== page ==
Hope you enjoyed your hot dogs, Mom, apple pie, fireworks, and the inevitable flourishes of patriotism, both faux and real, on the Fourth of July. But nothing has changed in America from the July 3 that kissed you good night to the July 5 that nudged you awake you this morning.
Political warfare by any name is still war. Call it what you will: The haves vs. the have-nots, class warfare, or ideological conflict — it’s still a cruel war, and it inflicts wounds on far too many of us. Some are deep: The bank took the house. Some are possibly fatal: The insurance company wouldn’t pay for the surgery. Or the drugs for that cancer. Some will fester for a lifetime: College students face a one-trillion-dollar student loan debt. Some are a perpetual itch that scratching does not relieve: There will be no pay raise next year, and your contribution to the company’s health plan will double.
Worse, so many of these problems that erode the American social contract are not meaningfully addressed by those we have chosen to do so. Don’t like the Supreme Court decision on Obamacare, governors? Cancel expansion in Medicare. Fail to engineer insurance exchanges.
Don’t like bills proposed by the other party? Filibuster away. Or refuse to allow bills to the floor. Or don’t allow amendments. Want to make political hay with the folks back home (and your super PAC donors)? Pass a bill in the House that the Senate won’t pass.
Forty people — all billionaires — may have more influence on legislative outcomes than the 312 million rest of us. If those billionaires dislike the direction political Party A or Party B is taking in American life, they can engineer an electoral coup by underwriting massive negative campaigns.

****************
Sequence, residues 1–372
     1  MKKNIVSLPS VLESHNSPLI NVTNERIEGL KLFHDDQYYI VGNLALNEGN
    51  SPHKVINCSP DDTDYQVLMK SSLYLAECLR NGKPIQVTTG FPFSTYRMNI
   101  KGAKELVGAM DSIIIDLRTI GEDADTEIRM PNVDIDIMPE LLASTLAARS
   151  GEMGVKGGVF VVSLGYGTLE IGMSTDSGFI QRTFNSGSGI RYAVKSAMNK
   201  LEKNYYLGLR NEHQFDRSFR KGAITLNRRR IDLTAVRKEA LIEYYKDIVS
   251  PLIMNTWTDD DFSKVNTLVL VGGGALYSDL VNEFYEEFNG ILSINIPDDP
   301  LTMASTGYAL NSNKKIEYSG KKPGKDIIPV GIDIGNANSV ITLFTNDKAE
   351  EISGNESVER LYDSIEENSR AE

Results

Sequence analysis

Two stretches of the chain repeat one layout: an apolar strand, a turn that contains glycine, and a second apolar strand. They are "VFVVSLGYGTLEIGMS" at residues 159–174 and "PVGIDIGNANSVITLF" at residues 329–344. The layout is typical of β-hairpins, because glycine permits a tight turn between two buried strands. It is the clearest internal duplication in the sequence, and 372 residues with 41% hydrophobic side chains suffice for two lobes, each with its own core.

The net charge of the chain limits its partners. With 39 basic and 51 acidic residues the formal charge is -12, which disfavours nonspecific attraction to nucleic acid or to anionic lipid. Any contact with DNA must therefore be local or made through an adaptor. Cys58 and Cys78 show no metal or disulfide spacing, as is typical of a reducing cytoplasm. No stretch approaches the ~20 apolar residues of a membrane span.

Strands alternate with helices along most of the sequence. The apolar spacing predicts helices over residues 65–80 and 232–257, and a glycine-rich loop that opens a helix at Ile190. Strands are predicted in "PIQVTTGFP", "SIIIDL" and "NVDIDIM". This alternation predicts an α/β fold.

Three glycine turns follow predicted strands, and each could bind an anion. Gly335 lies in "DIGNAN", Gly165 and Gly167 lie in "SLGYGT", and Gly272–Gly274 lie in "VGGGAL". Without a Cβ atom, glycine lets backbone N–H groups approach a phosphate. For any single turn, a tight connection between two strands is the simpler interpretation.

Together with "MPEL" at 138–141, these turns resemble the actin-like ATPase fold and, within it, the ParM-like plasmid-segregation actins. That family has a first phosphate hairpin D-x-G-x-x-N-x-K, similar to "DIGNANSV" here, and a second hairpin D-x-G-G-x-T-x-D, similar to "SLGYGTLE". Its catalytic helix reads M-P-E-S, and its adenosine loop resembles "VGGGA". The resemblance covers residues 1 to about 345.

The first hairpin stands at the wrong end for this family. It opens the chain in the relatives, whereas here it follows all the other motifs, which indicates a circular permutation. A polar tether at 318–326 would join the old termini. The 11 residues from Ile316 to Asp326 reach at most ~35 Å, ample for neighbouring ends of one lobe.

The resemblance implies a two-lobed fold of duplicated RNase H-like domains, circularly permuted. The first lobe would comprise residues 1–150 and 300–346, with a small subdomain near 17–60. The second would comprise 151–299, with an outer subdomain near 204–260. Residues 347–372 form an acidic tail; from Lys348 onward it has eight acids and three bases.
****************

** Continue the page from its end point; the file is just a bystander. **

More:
For so many of us, it feels like we don’t matter anymore. Too many of us are out of work. Too many of us carry too much debt (and yes, a lot of debt is our own damn fault). Too many of us worry about one of the kids getting sick. Sure, Obamacare is going to fix this — but not right away. That leaves plenty of time for politicians, claiming they are doing the right thing for the American people, to unravel even further the fundamental safety nets necessary for survival of modern life.
We have such little say in determining what is right. We are rarely consulted on what thing needs to be addressed. If we are asked, it is by pollsters who have already determined what the poll will say.
And goddamn it, don’t tell me to stand up and keep fighting the good fight. We’re outgunned (and out-dollared). The public’s ability to respond fully and freely — a dream of Bronze Age Internet days — is diminished by corporatism’s reliance on our willing donation of personal data on Facebook, Twitter, et al. We’re the product being sold. We are sheep. We are cattle. We are demographically useful to modern America only between the ages of 18 and 49. What we say doesn’t matter. What we spend does.
And don’t count on journalists to always ferret out what the public needs to know. They are just too few of the good ones left. Most of what dances into our TVs and iPads and iPhones now is just a narrative predigested and pre-screened by those who know better for our benefit. All the blogs in creation can’t match the firepower of modern media machines powered by the short-term profit motive.
July 4, 2012, lit up the sky with fireworks — and immediately dimmed. Nothing’s changed. As I wrote five years ago:
It’d be nice if, by July 4, 2011, health care had become more equitable and affordable, if more school children had become competent critical thinkers, if more women had received equitable pay, if climate change had slowed, if voting had become fraud-proof, equitable and honest, if no more Americans had died in Iraq, all because President X had done something. But he or she will have been too busy raising money.
So nothing will change. And stop screaming about meaningful campaign finance reform, because I’ll no longer be listening — or doing the screaming. (I’ve lost sight of what meaningful really means, anyhow.)
Maybe July 4, 2013, will be better. But I won’t bet the farm on it — because the bank’s already taken it.